Everyone has at some point experienced a ‘side stitch’ during a run. The more formal diagnostic term for a stitch is exercise related transient abdominal pain (ETAP) and describes pain which comes on during exercise (commonly running) but can also occur with other activities such as swimming.


Pain is normally described as sharp or stabbing and is felt on one side of the abdomen on the lower edge of the ribcage. They are normally manageable to the point where you can keep exercising through it but sometimes the pain can be very sharp to the point where you need to stop exercising.


The exact cause of a stitch is uncertain, but there are several theories as to the possible causes or predisposing factors to their onset.

One popular theory is ischemia (lack of blood flow) to the diaphragm, which is the muscle that sits at the base of the ribcage and is responsible for lung expansion. Lack of blood flow and hence poorer oxygen supply to the diaphragm may occur during exercise and result in irritation, cramping and pain.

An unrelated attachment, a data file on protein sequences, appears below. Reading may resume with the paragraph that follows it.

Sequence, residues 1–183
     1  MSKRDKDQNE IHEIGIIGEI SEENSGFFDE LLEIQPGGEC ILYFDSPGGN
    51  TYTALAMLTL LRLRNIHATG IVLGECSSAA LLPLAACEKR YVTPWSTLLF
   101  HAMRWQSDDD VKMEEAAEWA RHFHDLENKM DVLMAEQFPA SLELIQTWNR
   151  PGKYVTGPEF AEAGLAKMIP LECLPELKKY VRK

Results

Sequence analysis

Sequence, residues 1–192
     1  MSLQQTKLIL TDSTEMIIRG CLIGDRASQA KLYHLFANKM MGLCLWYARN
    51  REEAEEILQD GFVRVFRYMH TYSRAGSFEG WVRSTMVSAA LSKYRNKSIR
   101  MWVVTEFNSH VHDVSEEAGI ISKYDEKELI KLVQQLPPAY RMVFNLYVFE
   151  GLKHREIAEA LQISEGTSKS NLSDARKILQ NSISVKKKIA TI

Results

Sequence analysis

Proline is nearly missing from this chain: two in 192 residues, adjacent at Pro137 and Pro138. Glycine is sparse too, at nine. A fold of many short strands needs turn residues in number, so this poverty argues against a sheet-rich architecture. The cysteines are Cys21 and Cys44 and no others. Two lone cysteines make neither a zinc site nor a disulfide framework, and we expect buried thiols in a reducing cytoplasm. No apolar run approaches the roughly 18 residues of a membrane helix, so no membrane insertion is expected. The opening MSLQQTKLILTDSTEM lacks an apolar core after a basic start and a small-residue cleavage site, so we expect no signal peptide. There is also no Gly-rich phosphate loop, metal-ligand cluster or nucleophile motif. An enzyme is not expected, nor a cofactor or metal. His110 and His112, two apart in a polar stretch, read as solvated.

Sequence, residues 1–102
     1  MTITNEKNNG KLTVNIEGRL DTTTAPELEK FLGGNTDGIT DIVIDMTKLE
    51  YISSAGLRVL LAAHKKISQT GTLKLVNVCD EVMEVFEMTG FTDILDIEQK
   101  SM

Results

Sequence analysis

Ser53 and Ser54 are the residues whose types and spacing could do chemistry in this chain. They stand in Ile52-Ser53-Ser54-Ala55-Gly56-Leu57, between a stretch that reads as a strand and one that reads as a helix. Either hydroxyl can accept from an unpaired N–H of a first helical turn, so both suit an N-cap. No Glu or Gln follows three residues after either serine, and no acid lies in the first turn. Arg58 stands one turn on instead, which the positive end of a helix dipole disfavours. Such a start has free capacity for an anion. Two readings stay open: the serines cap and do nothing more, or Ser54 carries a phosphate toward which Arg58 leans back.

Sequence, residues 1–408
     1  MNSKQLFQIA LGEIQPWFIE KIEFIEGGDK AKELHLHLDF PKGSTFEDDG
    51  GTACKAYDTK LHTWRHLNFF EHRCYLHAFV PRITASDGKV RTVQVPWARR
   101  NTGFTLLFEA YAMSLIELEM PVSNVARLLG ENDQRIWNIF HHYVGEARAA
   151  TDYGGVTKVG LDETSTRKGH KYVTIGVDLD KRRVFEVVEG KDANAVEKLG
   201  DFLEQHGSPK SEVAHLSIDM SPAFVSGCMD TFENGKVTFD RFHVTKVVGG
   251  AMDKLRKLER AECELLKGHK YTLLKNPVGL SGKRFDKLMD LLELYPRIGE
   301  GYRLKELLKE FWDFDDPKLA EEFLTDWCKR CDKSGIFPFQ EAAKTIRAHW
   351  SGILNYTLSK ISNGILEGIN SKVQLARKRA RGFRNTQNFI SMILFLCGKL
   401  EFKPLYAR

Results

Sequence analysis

Other theories include stretching of the ligaments which connect the diaphragm to the liver and irritation of the membrane lining the abdominal cavity.

What you eat and drink before running may be a contributing factor for stitches as some types of food/drink and the timing of when you have these before a run may lead to abdominal irritation.

Prevention and Treatment

Sticking to the theory that what you eat and drink before running may predispose a stitch, make sure that you are very conscious of what and when your pre run meal is. These strategies may help:

  • Avoid eating a large meal within 2 hours before your run
  • Make sure you are well hydrated during the 12 hours before running and avoid large volumes of fluid in the two hours before your run, instead just have small sips during this time.
  • Avoid fatty, high fibre foods in the 2 hours pre run, as these foods take longer to digest and may cause abdominal upset
  • Everyone is different so take note of what you have eaten before a run in which you experience a stitch and modify your habits as you learn what works for your body

Make sure you complete a proper warm-up before quality training sessions as rapid changes in your breathing patterns may cause irritation and result in pain. Be mindful of your breathing pattern during your run and try to focus on breathing evenly with your stride pattern.

If you are unlucky and a stitch does come on during a run it is best to slow down a bit and focus on normalising your breathing pattern. If you need to stop, try some gentle self massage to the painful area under your rib cage which may help release the muscle spasm.


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